CLEVELAND -- Kevin Love won't be able to help LeBron James and the Cavaliers in Game 7 against the Celtics.
Love was placed in the NBA's concussion protocol and the All-Star forward will miss Sunday's series finale of the Eastern Conference finals, a personal blow and yet another challenge for Cleveland to overcome.
The Cavaliers said Love, who inadvertently bashed heads with Celtics rookie Jayson Tatum in the first quarter of Game 6, experienced concussion-like symptoms Saturday before the team's flight to Boston.
Moments before the Cavs sent a news release updating Love's status, coach Tyronn Lue held a confusing teleconference during which he said the 29-year-old was still being evaluated and there was a possibility he could play.
However, like everything else in this erratic, convoluted season for Cleveland, things changed quickly.
Now, the Cavs will be without their second-leading scorer and top rebounder as they try to win their fourth straight conference title against a younger team that is 10-0 at home in the playoffs.
Love is averaging 13.9 points and 10.0 rebounds in 17 playoff starts, and he's the No. 2 scoring option for the Cavs, who have leaned on James harder than ever this postseason.
Celtics coach Brad Stevens believes the Cavaliers are dangerous even without Love.
"We'll have to prepare our team to play well, regardless of who plays for them," Stevens said. "Obviously, they'll run a little bit less of the Love stuff, and more of the other stuff ... probably more opportunities for LeBron, more opportunities for [Kyle] Korver and [JR] Smith, more opportunities off those pick and rolls. All of them were very effective for them last night."
There is statistical data to support that the Cavaliers have been more effective in the series when Love has been out. But while Cleveland may be better defensively, Love's shot-making ability helps the Cavs spread the floor and open driving lanes for James.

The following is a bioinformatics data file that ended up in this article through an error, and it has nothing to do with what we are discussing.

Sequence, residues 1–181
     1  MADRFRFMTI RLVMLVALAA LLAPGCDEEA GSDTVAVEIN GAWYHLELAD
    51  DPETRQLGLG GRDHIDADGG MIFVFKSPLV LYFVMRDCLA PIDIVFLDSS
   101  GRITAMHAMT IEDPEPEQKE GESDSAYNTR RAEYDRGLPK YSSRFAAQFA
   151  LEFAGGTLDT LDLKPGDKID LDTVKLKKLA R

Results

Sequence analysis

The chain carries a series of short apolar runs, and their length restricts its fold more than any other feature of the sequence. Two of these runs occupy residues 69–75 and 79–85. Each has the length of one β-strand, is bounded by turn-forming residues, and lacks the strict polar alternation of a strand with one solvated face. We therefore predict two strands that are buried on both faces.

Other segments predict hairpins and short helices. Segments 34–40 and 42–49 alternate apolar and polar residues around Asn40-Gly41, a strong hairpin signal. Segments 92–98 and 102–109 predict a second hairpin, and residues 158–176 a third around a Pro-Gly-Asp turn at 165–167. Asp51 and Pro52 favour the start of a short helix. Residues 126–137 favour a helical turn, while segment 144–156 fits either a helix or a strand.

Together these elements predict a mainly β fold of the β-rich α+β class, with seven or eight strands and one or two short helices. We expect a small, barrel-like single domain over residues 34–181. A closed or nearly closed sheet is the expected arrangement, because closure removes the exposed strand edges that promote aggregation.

"You can switch more," Lue said. "I think when Jeff [Green] is in there playing that position, it makes you more versatile defensively. But we miss his rebounding. We miss his offensive ability. It kind of all cancels out."
James scored 46 points in Friday's victory, his latest jaw-dropping performance in what has been perhaps the greatest postseason of the superstar's storied career. James is averaging 33.9 points, 8.9 rebounds and 8.8 assists and has had seven 40-point games and two-buzzer beaters.
The 33-year-old's next challenge: finding a way to beat the Celtics, who have played at another level on their home floor.
It's interesting that as James tries to advance to his eighth straight NBA Finals -- a feat accomplished only by legendary Celtics center Bill Russell and three other Boston players -- that Love will be in street clothes on Cleveland's bench and Kyrie Irving will be sitting on Boston's.
The Cavs relented to Irving's request and traded him to the Celtics last summer, but the All-Star point guard didn't play in this postseason after undergoing knee surgery.
At one time, James, Irving and Love comprised Cleveland's "Big 3," a power trio that won an NBA championship together and went to three straight Finals before fracturing.
After Love went down Friday, James, who played the final eight minutes on a sore right knee, got help from George Hill (20 points), Green (14 points) and Larry Nance Jr. (10 points) as the Cavaliers fought off elimination for the second time in these playoffs.
Lue said he wasn't concerned about James, who favored his leg while slowly walking out of Quicken Loans Arena early Saturday after Game 6.
For Love, the concussion is another setback in a tough season. He missed seven weeks with a broken hand and revealed he has had bouts of panic attacks.
Love has suffered at least two other known concussions in his career -- one that kept him out of Game 3 in the 2016 NBA Finals. He also missed a game at Charlotte on March 28 with a head injury.
Love missed the majority of Cleveland's 2015 run to the Finals after separating his shoulder in the first round against Boston.